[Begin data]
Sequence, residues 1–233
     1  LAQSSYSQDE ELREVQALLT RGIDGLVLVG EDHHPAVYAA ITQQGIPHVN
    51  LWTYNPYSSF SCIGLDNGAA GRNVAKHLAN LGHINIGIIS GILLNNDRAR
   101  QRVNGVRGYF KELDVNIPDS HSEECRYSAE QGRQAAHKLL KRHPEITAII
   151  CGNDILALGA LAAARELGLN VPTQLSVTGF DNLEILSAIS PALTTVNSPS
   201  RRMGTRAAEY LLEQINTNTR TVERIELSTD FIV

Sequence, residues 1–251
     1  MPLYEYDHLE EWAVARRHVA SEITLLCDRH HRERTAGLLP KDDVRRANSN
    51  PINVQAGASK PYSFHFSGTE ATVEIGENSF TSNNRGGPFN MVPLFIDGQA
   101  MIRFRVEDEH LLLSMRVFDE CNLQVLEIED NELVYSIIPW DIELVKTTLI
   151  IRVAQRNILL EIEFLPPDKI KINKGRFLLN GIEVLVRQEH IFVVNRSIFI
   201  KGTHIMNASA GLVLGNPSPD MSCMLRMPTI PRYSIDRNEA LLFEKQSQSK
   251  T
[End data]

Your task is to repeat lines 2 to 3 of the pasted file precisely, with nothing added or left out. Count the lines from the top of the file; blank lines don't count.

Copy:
     1  LAQSSYSQDE ELREVQALLT RGIDGLVLVG EDHHPAVYAA ITQQGIPHVN
    51  LWTYNPYSSF SCIGLDNGAA GRNVAKHLAN LGHINIGIIS GILLNNDRAR